The North Carolina Department of Environmental Quality (DEQ) again denied Mountain Valley Pipeline’s (MVP) request for a water permit for its proposed Southgate natural gas pipeline project from Virginia to North Carolina.
The DEQ first denied the request in August 2020. MVP appealed that decision to the U.S. Court of Appeals for the Fourth Circuit, which remanded the case back to the DEQ to “explain why the Department chose denial over conditional certification.”
DEQ said in its second denial on April 29 that conditional approval “does not provide the reasonable assurance of compliance with water quality requirements.”
“A conditional approval, as the state’s hearing officer recommended, would have satisfied the (DEQ’s) concerns ... while meeting North Carolinians’ demand for natural gas,” MVP Southgate said in response.
On its website, MVP says construction of the 75-mile, 0.4-billion cubic feet per day (Bcf/d) Southgate extension was targeted to start in 2021 for completion in 2022.
Part of Southgate’s problem is that the $5.8-$6.0 billion MVP mainline from West Virginia to Virginia is still under construction and there is no guarantee it will enter service after Dominion Energy Inc. canceled its $8 billion Atlantic Coast gas pipe from West Virginia to Virginia and North Carolina in 2020.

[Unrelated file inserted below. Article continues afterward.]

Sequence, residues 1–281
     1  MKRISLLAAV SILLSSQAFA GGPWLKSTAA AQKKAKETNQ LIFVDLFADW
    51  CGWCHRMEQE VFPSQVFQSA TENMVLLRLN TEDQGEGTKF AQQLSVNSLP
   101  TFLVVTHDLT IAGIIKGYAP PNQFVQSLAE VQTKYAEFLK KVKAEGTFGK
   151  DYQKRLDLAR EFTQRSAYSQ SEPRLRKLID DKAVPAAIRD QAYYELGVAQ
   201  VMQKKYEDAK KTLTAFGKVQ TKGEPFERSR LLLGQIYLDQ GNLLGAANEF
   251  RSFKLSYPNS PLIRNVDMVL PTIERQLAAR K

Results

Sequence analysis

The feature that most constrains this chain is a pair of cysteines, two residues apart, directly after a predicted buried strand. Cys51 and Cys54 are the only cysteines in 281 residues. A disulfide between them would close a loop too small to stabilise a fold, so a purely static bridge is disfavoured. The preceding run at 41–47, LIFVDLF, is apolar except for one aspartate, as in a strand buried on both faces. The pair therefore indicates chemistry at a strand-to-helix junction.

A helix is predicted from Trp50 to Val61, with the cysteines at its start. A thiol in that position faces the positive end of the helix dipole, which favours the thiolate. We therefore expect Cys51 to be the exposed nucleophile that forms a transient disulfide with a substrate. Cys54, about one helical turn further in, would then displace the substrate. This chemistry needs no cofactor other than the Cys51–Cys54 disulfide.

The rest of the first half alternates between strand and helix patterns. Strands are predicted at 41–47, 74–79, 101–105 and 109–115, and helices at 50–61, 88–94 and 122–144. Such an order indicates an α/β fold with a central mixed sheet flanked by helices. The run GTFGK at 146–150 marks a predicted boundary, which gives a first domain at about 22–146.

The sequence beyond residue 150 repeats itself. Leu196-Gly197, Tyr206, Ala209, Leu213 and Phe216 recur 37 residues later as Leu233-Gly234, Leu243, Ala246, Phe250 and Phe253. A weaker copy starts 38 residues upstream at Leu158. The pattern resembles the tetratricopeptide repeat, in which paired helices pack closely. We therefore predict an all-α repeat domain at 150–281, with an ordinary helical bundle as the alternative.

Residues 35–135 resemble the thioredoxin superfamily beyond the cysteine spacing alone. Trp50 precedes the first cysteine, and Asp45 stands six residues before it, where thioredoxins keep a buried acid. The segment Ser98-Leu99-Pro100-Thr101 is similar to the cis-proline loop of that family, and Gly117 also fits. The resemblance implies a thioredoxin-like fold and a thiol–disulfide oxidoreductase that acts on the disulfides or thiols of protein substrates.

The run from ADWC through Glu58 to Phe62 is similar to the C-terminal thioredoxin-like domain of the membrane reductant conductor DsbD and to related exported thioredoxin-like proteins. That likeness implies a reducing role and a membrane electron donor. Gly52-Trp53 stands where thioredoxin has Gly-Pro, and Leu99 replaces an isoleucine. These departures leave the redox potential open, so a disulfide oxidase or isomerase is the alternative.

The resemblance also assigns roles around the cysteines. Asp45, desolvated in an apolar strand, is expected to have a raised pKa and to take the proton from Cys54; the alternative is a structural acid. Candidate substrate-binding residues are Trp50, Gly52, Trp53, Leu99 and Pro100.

MVP has said it expects to complete the 303-mile, 2.0- Bcf/d mainline by the end of 2021. Many analysts, however, expect it will be delayed until 2022.
MVP and Atlantic Coast are just two of several U.S. pipelines delayed by regulatory and legal fights with environmental and local groups that found problems with federal permits issued by the Trump administration.
When MVP started construction in February 2018, it estimated the project would cost about $3.5 billion and enter service by late 2018.
MVP is owned by units of Equitrans Midstream, NextEra Energy, Consolidated Edison, AltaGas and RGC Resources.
It’s too soon to gauge the price impact on fuel or the data impact to Colonial Pipeline after a cyberattack forced its systems offline, experts say.
Oil prices are expected this week to drift sideways with an upward bias, while product prices in the Atlantic Basin will move upward until the Colonial Pipeline is back in service, says Stratas Advisors in its latest forecast.
Nearly half of the fuel consumed in the eastern U.S. passes through the Colonial network.